By David Jackson, BCM/D missionary for church multiplication
“Then Samuel took a stone and set it up between Mizpah and Shen. He named it Ebenezer, saying, ‘Thus far the LORD has helped us’” (I Samuel 7:12).
The past 15 years have seen a renewed interest and commitment to church planting within the Baptist Convention of Maryland/Delaware. Our leadership has championed it, our local churches have supported it and our planters have pioneered it. As a result, it has been a decade unlike any in the history of our convention.
With almost two months yet to go, we have seen already over three hundred new works started since the first day of 2001. To put this in perspective, in 1990 we had only 323 churches in the entire Convention! These new works have taken the shape of church plants primarily, but occasionally also they have happened through restarts and a growing number of multi-sites (once called satellite locations).
These church multiplication efforts have largely survived, succeeded and have now started to reproduce themselves in our region. Young leaders with a Kingdom perspective have looked beyond their own local church to the greater impact church multiplication can make. Some pastors and churches in existing churches have braved the risk involved to step out in faith as “church planting centers” for the future, too. As a result, it’s time to raise our own “Ebenezer.”
Few, if any, networks of churches anywhere in America—Southern Baptist or otherwise—have been as successful in church planting and multiplication as we have been over the past decade. For this, we give thanks to God. We would all acknowledge His sovereignty over these efforts and the fact that all praise and credit for what we’ve seen in our midst belong to Him. Still, I believe there are some lessons we’ve learned—and must not forget—in the future, for us to build on God’s expanded work in our midst.
It starts with “loud” leadership. Leaders who have been captured by the heart of God have to create a climate and culture for church planting. They have to trumpet its value and priority whenever and wherever they can. These leaders must step out in courage to vocalize its significance for individual churches, but also for the Kingdom of God. In Maryland/Delaware our executive director, associational directors of missions and even our BaptistLIFE newsjournal have been “loud” and persistent advocates, who have told the stories of transformation brought about through church planting. These leaders have also championed church planters, their families and these fledgling congregations with their own commitment and presence, not just with their words.
It continues with risk-takers. Church planters by nature are out-of-the-box, adventurous pioneers, who are fearless in their willingness to sacrifice and risk, so that the lost can know the Good News of Jesus Christ. What others see as “taking chances,” planters see as “stepping out in faith.” Their determination and unconditional surrender to the call of God in their church planting ventures enables them to take leaps of faith many others would never even consider. This abandonment to God and their passion for those without Jesus cause them to try radical ways to get past the filters and facades that cause many unchurched people to reject the claims of Christ. The hundreds of planters who have embraced this challenge here in our Mid-Atlantic region are the real “heroes” in the movement.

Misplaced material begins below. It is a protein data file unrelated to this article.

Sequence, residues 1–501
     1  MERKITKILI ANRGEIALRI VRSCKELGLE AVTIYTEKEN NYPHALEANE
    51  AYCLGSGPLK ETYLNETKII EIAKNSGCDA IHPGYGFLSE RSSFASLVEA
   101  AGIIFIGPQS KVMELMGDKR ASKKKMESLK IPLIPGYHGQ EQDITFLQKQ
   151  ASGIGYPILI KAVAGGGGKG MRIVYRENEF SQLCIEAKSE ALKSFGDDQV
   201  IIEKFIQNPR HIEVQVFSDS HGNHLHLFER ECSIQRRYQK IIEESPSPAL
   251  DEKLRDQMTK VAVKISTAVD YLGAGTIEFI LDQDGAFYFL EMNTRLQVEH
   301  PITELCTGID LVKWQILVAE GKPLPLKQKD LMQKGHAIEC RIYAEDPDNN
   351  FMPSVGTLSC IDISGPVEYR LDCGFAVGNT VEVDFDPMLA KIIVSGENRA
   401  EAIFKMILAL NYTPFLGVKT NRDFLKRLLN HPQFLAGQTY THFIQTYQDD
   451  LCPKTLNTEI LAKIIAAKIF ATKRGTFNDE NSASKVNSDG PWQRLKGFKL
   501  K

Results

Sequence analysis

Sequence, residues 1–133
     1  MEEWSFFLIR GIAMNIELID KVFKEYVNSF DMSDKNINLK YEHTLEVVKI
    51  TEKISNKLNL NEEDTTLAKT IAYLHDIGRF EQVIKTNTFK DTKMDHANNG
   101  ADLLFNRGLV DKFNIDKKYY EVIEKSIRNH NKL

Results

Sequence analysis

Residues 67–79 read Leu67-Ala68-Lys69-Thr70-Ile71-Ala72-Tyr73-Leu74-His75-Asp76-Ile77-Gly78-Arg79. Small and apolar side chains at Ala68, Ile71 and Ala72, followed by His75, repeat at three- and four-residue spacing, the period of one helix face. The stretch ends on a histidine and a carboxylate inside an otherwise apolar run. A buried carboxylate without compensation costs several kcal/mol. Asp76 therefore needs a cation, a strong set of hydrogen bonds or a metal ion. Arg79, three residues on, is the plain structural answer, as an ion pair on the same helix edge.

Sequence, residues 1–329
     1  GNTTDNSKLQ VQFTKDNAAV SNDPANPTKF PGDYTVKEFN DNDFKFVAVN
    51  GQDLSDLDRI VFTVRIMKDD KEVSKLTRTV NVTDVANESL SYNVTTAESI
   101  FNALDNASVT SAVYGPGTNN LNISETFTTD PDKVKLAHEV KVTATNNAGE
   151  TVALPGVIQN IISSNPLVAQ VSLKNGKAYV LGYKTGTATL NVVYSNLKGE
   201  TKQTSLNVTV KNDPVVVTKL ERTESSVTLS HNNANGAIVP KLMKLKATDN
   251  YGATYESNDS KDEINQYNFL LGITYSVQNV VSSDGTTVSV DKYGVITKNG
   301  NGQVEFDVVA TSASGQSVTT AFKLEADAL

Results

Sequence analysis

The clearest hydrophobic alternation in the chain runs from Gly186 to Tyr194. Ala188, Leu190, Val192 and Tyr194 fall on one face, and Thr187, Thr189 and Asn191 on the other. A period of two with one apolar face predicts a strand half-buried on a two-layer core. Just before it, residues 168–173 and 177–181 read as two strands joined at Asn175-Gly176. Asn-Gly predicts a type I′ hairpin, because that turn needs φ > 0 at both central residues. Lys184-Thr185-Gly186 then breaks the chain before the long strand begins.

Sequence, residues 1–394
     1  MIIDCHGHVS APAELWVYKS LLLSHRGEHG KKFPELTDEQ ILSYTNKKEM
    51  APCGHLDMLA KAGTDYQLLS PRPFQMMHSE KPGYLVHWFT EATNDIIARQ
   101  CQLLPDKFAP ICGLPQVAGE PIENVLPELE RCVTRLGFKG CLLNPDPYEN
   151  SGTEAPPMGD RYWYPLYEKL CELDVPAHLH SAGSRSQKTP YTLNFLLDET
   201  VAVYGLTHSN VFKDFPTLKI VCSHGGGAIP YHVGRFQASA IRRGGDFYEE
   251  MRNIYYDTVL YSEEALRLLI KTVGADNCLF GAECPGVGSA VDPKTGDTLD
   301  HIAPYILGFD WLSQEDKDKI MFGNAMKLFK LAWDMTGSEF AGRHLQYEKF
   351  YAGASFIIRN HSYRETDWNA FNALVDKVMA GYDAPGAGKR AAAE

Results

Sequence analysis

It grows with champions. As the ministry has grown and expanded across the region, church planting churches have begun to emerge. These churches, who have intentionally prepared and partnered with church planters here in Maryland/Delaware, have become the real champions of this effort. They have experienced first-hand the difference their involvement has made for the church planter and his family. They have seen the renewed vitality it has brought to their own congregation. They have watched as “the darkness” has been pushed back through the ministry of church planting. As a result, they have become advocates and encouragers to planters, to other sister churches and to our convention for the difference church multiplication is making in our area.
It lasts with cooperation. Why has this effort been successful, you ask? My own opinion is that you—individuals and churches—within the Baptist Convention of Maryland/Delaware have continued to give your unyielding and prayerful support to this endeavor. Along with the valuable partnership of the North American Mission Board and other partner churches throughout the nation, you have been steadfast in this Kingdom-advancing effort. The banner of cooperation has draped our convention over this past decade and we have not lost sight of the mission—to bring lost people into an encounter with the living Christ and see them grow to be fully devoted followers of our Lord Jesus Christ.
So, thank you, Maryland/Delaware Baptists. Your priority, your commitment, your determination, your cooperation—these are the things God has used to bring thousands more into His Kingdom. “Thus far the LORD has helped us” indeed! May He continue to use us mightily until Jesus returns.
David Jackson is BCM/D’s Team Strategist for Church Multiplication. He can be reached by phone or text at (410) 977-9867 and by email at firstname.lastname@example.org.